It can be a daunting task to communicate with your membership. And it’s likely that they are grouped in to various demographics. Recruiting new members and staying engaged with current members takes many moving parts. Allocation of resources is critical as is establishing an effective, workable plan to drive results. In addition to the three areas above, you need a stellar marketing and communications plan. Elements of your planning process should include:

  • Targeting your audiences
  • Analyzing your competition’s strategies
  • Researching your audiences’ preferences and perceptions
  • Shaping your brand and core messages
  • Understanding and stating the unique value you provide
  • Developing work plans and budgets to support goals
  • Evaluating results

Don’t be overwhelmed. These are elements you can take on yourself or hire out. XYZ University also offers membership marketing services for associations and member-based organizations.

Now, what will you do to prove value to your membership?

Zs came of age in an era of disruption

In many ways, it’s symbolic that Generation Z is named after the last letter in the alphabet because their arrival marks the end of clearly defined roles, traditions, and experiences. After all, Gen Z is coming of age on the heels of what has been referred to as the most disruptive decade of the last century. America has become an increasingly changing and complex place.

For example:

  • ‍Zs were born into a “modern family era” in which highly involved dads help out at home, and the nuclear family model (two parents, married, with children) represent only 46% of American households.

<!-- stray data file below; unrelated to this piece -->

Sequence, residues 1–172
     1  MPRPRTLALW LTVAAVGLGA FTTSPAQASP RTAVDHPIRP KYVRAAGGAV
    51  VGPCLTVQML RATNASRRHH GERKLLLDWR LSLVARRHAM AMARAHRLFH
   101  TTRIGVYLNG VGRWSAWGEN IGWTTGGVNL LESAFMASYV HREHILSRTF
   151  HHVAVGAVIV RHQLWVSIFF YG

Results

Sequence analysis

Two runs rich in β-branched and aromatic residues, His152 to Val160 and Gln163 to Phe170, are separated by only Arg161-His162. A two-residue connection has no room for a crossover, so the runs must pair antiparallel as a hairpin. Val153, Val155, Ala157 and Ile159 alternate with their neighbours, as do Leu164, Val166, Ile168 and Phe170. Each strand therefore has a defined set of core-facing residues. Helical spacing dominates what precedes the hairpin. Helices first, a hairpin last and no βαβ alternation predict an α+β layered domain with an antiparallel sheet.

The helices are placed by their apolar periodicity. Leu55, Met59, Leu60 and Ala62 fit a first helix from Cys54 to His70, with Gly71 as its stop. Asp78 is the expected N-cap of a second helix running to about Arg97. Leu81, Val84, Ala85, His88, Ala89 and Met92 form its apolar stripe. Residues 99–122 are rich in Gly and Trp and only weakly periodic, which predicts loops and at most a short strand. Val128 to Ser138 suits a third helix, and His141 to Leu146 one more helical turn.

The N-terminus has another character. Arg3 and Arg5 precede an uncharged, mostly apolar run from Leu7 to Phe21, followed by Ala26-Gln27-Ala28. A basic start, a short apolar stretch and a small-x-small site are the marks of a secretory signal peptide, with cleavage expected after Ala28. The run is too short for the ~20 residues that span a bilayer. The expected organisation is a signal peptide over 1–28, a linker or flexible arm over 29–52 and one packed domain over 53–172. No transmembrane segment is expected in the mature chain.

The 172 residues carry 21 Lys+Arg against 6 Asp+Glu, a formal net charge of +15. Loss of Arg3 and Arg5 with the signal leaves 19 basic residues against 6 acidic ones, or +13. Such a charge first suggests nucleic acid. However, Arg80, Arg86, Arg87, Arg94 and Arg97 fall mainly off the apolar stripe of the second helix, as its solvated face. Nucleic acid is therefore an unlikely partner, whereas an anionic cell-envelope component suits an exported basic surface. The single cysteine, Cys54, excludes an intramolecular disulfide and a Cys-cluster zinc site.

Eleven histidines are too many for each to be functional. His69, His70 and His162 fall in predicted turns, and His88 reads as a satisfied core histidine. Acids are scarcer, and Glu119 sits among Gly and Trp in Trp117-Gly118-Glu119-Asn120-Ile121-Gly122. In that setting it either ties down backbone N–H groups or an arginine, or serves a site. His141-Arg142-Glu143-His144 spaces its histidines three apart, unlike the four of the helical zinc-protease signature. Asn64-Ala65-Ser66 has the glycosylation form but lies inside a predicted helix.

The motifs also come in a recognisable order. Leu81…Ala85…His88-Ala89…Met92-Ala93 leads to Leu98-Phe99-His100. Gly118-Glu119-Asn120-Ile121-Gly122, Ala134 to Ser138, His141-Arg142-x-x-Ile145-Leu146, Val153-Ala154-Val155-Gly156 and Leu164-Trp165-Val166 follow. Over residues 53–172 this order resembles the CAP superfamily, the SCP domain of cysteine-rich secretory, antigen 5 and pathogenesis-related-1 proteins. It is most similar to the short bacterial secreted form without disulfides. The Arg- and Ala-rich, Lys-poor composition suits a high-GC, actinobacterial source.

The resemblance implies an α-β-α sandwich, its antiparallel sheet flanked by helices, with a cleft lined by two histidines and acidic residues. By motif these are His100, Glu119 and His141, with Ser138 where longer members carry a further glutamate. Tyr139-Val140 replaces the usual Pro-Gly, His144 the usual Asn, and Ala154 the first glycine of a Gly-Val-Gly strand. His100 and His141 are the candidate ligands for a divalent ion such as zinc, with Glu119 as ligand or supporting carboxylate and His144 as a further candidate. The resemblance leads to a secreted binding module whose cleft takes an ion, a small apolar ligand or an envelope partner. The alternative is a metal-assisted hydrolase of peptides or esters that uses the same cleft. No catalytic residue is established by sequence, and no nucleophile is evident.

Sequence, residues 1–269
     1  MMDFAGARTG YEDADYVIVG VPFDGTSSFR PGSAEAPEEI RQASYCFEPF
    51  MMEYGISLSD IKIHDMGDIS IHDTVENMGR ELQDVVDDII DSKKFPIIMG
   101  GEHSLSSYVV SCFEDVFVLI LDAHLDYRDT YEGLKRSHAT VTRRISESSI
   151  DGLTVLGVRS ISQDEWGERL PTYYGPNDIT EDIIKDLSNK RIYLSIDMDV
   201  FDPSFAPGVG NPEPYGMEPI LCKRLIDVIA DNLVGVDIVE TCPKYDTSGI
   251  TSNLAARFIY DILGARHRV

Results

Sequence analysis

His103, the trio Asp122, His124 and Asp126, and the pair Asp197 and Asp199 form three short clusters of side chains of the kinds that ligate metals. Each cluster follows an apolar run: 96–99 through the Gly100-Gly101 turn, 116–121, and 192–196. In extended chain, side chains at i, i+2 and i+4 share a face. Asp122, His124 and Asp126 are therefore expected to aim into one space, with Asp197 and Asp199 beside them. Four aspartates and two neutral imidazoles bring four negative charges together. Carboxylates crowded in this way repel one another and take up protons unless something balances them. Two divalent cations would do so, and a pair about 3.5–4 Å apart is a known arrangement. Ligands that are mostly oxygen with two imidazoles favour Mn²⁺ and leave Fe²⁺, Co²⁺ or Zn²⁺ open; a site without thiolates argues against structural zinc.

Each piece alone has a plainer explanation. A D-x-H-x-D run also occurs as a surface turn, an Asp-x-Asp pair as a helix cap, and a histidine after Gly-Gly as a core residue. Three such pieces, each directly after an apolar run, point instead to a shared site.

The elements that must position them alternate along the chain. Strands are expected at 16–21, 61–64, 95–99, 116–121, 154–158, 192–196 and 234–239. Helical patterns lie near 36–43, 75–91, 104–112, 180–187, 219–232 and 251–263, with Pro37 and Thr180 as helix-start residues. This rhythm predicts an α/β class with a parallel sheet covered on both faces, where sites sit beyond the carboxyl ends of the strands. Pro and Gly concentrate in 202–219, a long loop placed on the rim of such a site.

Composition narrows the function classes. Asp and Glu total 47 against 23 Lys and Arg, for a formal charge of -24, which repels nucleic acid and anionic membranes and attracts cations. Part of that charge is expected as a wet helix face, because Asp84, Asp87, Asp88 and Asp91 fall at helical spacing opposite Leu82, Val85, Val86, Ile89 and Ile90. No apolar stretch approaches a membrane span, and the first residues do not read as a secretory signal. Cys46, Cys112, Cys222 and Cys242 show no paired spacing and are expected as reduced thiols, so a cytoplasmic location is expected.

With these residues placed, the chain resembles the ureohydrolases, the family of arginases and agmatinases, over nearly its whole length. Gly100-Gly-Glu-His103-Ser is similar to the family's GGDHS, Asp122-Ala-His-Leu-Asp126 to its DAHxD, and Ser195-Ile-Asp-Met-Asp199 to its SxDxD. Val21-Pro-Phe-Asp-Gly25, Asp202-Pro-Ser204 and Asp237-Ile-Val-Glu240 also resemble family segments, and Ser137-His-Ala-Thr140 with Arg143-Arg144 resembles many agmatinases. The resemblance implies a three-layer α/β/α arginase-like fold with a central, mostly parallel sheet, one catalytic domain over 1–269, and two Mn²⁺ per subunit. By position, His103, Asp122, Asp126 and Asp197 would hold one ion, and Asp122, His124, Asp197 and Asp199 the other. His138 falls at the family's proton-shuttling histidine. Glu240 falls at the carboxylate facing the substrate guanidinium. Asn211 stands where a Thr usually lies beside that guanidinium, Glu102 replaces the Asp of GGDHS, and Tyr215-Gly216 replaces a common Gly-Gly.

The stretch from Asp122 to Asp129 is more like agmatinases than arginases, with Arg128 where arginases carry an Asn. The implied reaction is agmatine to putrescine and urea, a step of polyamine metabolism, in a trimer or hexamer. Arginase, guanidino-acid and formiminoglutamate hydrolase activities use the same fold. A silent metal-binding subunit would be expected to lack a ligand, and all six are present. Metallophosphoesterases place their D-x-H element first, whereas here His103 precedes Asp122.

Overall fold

• ‍Zs are the first generation to be born into a world where everything physical, from people to places to pennies, has a digital equivalent.
  • From the time they were infants, Zs had access to mobile technology. As a result, their brains have been trained to absorb large amounts of information, and Zs are especially adept at shifting between skills and subject matter.
  • Zs tend to have crystal-clear memories of sitting up for the first time at six months old because they can easily and quickly reference the photos and videos their parents shared on social media or saved in the “cloud”. 

Members of this generation have undoubtedly been shaped by crisis and disruption. This generation will largely be responsible for confronting the aftermath of the Great Recession, high youth unemployment, the effects of climate change, terrorism, energy sustainability, and more. These dark events have undoubtedly made this generation more cautious and pragmatic, but they have also provided this generation with the inspiration to change the world – and their grit will likely allow them to do it.

Coming of age during disruption means that most Zs will be comfortable being the disruptors. While Millennials tend to be collaborative and innovative, this generation tends to be sincere, reflective, thick-skinned, and self-directed, and will likely approach work in much the same way.

Zs were raised to be competitive

In the era following World War II, Boomers (1946-1964) were born and eventually became the wealthiest, most prosperous generation in history. Raised to aspire for the American Dream, this very large generation moved into positions of power and influence, and served as the workforce majority for 34 years.

With the American Dream alive and well, Boomers had no reason to teach their children, mostly Millennials, about competition. Instead, they taught them to focus on academic achievement and to be team players because if everyone works hard, everyone can win.